Rights and Permissions FAQs

1. What is copyright?
2. Are out-of-print books still protected by copyright?
3. What is Fair Use?
4. What is permission?
5. How can I get permission to reuse Cengage Learning material?
6. Is there a limit to the amount of material for which Cengage Learning will grant permission?
7. What if the material I want to use has a credit line with it?
8. How do I find out who owns the title I want to use?
9. How long will it take to obtain permission from Cengage Learning?
10. What can I do to speed up turnaround time on my request?
11. How can I change or follow up on a request I submitted?
12. When is my payment due?
13. What kind of documentation should I send with my payment?
14. Why did Cengage Learning deny my permission request?
15. How can I get the material if I can't copy it?
16. A student with a disability wants electronic files of a book. What do I do?
17. How do I obtain a software site license?
18. Do you grant permission to translate into other languages?
19. I am a Cengage Learning author. Who can I talk to about my out of print title?
20. What if I believe something belonging to Cengage Learning has been infringed?
21. What is copyright infringement?
22. Why are authors, publishers and other copyright holders concerned about infringement?
23. What are the penalties for copyright infringement?
24. What is contributory infringement?
25. What is the Digital Millennium Copyright Act?
26. What if I didn't know that what I was doing was illegal? Am I still liable?
27. Does a cease and desist letter require that the recipient remove materials that are alleged to infringe?

 
1. What is copyright?

Copyright is the legal right of creators of "original works of authorship" that have been fixed in a tangible medium of expression, which include literary, dramatic, musical, artistic and certain other creative works, both published and unpublished. Copyright law provides the following exclusive rights for copyright owners:

  • to reproduce all or part of the copyrighted work
  • to prepare derivative versions based on the original copyrighted work
  • to distribute copies of the copyrighted work to the public
  • to perform or display the copyrighted work publicly

Generally speaking, works that have been published in the United States since 1923 are protected by copyright. For more information on copyright, see the U.S. Copyright Office's FAQs.


2. Are out-of-print books still protected by copyright?

Whether a book is out of print or not does not affect its copyright status. The majority of Cengage Learning textbooks that are out of print are still protected by copyright.


3. What is Fair Use?

The doctrine of Fair Use permits, in limited situations, the use of portions of a copyrighted work without the copyright owner's permission for purposes such as criticism, comment, news reporting, teaching, scholarship or research. The four factors that are taken into consideration when making such a determination are:

  1. the purpose and character of the use, including whether such use is of a commercial nature or is for nonprofit educational purposes;
  2. the nature of the copyrighted work;
  3. the amount and substantiality of the portion used in relation to the copyrighted work as a whole; and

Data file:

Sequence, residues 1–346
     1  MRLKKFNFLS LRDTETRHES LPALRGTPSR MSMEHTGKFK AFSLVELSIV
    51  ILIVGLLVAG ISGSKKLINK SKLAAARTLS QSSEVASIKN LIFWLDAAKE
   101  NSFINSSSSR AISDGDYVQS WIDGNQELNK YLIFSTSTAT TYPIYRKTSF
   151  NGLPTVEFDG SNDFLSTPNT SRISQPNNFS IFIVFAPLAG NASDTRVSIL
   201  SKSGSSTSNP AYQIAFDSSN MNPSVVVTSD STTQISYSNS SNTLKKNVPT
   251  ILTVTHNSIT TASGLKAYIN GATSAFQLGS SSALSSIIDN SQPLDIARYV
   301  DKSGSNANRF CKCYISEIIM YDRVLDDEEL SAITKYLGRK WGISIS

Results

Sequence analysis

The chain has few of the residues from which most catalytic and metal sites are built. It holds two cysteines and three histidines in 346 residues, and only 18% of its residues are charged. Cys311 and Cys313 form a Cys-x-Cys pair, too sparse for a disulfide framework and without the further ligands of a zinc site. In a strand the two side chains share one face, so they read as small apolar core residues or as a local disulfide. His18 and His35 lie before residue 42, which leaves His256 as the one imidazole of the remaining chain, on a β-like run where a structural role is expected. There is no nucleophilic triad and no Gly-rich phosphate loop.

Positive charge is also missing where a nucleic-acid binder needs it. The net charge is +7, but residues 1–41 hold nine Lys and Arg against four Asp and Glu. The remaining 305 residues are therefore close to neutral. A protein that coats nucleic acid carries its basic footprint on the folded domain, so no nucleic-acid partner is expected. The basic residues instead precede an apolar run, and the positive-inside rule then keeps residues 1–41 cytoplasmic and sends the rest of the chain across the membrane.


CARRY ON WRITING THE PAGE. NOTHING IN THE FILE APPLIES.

4. the effect of the use upon the potential market for or value of the copyrighted work.

No one factor can determine a person's right to use a copyrighted work without acquiring permission. Additionally, there is no set number of words or lines that may be taken without permission. Simply citing the source of the copyrighted material cannot take the place of obtaining permission.


4. What is permission?

Permission is authorization to make a copy (printed or electronic) of material that is protected by copyright. Examples of copying for which permission is required include photocopying or re-publishing printed works, duplicating electronic products, posting material to a web page and transmitting or broadcasting via cable or satellite.


5. How can I get permission to reuse Cengage Learning material?

To request permission to photocopy, duplicate, republish or otherwise reuse Cengage Learning material, please fill out the online permission request form.


6. Is there a limit to the amount of material for which Cengage Learning will grant permission?

In general, we do not allow photocopying or reprinting of more than 10% of an in-print publication. You may be given permission to copy greater percentages of out-of-print titles.

However, many in-print titles are available for purchase online in print or electronic form, either by the chapter or the book. Check for the title you want at www.cengagebrain.com.


7. What if the material I want to use has a credit line with it?

Please review the acknowledgments carefully. These are usually located on the same page as the material itself or in the Credits section (usually in the back or front of the book).

A credit line means Cengage Learning requested and obtained permission from the rights holder to use the material in our work. In that case, you must direct your request to the original rights holder, since Cengage Learning is not allowed to grant permission. The credit line should give you information on the original rights holder.


8. How do I find out who owns the title I want to use?

You should consult the copyright notice in the book or other work. If you have a photocopy that does not contain a copyright notice, the U.S. Copyright Office maintains records of registered works by author and title.


9. How long will it take to obtain permission from Cengage Learning?

The more complete your request, the faster we will be able to process it. We strive for a five day turnaround, but this may be longer during the busiest seasons.


10. What can I do to speed up turnaround time on my request?

If you have used the same material in previous semesters or publications, include the prior Permission ID number in the request. If you have an immediate deadline, include that on the request and we will make every effort to accommodate you.


11. How can I change or follow up on a request I submitted?

To inquire about requests submitted or for further information about accessible product, email , phone +1 800.730.2214 or +1 650.413.7456, or fax +1 800.730.2215 or +1 650.595.4603.


12. When is my payment due?